Visiting a nearby farm and couldn’t send a message to colleagues to say I would be late for a meeting.

3. Reducing the digital divide & providing public value

Perhaps the largest number of comments from both the survey and the interviews pertained to general quality of life and frustration at being less able than ones’ urban counterparts to use digital services.

a. Reducing digital divide

Respondents frequently expressed frustration and anger at feeling ‘left behind’ and excluded from activities and services that are commonplace for urban residents. Examples included looking up public transport times, booking and travelling on public transport and using maps for navigation. However, many respondents also voiced a general frustration at the lack of services:

I would like to be able to have the same services that people who live in more urban areas take for granted.

There are so many benefits offered by my mobile provider and I cannot take advantage of them.

Modern life is passing us by.

Beyond the feeling of frustration, reduced access to mobile connectivity can also have more serious consequences. For example, one respondent reported not having a smartphone due to lack of coverage and in turn not having the Covid-19 NHS track and trace app. Lack of mobile coverage appears to be a general risk to personal safety as several respondents cited examples of not receiving important calls or texts from their GP or hospital:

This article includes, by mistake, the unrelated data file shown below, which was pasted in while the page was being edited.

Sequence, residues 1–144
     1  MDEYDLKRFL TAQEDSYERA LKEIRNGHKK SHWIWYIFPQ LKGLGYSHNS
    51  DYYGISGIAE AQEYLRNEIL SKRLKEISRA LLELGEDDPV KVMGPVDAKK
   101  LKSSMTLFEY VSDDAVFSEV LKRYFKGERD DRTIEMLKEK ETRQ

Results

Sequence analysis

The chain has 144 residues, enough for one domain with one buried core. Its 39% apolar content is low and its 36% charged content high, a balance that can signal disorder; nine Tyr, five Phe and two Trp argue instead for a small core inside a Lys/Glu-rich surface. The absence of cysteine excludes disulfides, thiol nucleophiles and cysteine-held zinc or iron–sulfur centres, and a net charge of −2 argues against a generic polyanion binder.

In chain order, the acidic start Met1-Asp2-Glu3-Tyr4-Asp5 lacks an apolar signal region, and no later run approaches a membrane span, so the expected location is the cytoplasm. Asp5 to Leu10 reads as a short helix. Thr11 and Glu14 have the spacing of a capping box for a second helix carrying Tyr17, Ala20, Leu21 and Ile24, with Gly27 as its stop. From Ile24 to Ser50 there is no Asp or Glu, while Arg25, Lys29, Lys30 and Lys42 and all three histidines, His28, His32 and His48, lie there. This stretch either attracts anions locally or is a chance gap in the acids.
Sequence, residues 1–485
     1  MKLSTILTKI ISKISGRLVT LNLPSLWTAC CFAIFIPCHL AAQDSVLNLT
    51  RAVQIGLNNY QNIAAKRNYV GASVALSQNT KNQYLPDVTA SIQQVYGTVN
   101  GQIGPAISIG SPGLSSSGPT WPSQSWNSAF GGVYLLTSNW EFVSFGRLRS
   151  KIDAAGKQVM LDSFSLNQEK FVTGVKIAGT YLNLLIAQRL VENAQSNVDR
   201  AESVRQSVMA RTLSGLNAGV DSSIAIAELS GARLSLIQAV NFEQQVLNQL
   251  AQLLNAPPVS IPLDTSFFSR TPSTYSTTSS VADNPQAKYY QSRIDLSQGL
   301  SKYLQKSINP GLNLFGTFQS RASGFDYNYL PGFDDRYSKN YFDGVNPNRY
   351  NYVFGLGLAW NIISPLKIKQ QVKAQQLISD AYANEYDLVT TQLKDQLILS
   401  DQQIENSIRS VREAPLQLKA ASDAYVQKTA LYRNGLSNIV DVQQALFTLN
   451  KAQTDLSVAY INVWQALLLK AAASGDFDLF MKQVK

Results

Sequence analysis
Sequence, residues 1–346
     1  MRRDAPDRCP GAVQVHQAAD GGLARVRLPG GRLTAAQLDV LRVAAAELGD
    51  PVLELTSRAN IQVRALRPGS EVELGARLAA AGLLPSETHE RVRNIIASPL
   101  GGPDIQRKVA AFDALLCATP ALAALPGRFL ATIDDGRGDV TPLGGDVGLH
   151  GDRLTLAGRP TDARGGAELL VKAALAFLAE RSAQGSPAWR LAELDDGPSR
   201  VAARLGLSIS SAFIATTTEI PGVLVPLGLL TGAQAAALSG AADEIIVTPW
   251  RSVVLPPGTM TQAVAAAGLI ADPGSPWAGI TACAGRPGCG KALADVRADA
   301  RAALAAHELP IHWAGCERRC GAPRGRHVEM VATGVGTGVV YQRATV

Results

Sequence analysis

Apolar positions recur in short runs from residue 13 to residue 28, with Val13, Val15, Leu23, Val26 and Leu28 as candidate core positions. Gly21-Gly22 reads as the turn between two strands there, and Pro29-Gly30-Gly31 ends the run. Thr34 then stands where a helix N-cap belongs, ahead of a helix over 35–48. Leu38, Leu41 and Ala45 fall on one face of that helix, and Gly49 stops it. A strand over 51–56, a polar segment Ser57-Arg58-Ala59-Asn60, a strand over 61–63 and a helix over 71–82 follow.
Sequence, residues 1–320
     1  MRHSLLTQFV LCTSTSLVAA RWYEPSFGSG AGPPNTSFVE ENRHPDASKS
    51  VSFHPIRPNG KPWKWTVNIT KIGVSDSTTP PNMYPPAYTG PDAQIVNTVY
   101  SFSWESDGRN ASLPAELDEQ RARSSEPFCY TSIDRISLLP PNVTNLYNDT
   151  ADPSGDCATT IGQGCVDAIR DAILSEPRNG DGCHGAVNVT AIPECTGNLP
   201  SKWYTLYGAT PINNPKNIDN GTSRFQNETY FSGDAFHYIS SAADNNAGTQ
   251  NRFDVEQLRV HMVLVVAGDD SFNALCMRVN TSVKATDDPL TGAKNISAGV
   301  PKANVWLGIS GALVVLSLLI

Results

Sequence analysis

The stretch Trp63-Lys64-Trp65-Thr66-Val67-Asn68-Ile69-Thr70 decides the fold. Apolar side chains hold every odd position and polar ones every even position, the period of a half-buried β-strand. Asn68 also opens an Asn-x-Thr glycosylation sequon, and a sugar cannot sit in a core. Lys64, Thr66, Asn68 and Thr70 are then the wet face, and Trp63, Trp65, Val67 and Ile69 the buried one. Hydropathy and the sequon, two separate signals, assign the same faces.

The GP recently tried to call when my child was unwell but was unable to get through.

Equally, respondents noted feeling unsafe when moving around outside as they cannot call for help in an emergency. Women in particular frequently reported feelings of unease at being unable to contact their partner or emergency services, indicating a potential gender difference in the types of consequences felt. However, male participants also frequently cited fears of emergencies as reasons for worrying about poor mobile signal. There were a wide number of examples where such fears had become reality. For example, several respondents reported horse riding accidents during which they could not call for help due to lack of signal:

I have fallen off my horse and had my phone, but due to poor coverage haven’t been able to alert anybody.